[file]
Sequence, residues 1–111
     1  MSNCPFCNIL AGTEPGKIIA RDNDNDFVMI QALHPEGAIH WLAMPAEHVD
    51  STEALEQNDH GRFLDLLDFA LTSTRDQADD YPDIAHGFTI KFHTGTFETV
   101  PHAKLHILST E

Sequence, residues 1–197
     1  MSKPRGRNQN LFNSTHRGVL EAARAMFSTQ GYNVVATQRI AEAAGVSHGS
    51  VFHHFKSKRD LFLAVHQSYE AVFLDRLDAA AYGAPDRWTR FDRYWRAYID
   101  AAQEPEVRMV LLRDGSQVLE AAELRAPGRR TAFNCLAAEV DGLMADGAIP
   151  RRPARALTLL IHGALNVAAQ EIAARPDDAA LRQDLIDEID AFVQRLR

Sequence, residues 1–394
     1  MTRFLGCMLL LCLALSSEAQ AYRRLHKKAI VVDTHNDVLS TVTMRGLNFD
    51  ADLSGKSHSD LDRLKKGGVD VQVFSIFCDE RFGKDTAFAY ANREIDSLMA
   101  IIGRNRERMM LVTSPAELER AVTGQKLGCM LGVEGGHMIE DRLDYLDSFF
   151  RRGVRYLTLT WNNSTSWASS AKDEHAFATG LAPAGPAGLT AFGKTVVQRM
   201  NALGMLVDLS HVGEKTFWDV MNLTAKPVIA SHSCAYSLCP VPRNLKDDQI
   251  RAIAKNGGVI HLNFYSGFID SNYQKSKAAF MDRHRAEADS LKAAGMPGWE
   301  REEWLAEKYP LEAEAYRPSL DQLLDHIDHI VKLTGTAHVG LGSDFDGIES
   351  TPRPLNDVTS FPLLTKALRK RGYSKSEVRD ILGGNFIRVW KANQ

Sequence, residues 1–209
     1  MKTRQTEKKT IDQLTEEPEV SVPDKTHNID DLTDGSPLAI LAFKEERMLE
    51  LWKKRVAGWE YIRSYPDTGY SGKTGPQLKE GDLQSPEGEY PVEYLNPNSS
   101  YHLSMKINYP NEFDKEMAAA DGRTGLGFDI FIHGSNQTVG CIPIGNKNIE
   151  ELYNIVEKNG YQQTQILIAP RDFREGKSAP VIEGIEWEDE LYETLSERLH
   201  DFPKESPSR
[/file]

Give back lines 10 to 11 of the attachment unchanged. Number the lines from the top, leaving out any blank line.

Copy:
Sequence, residues 1–394
     1  MTRFLGCMLL LCLALSSEAQ AYRRLHKKAI VVDTHNDVLS TVTMRGLNFD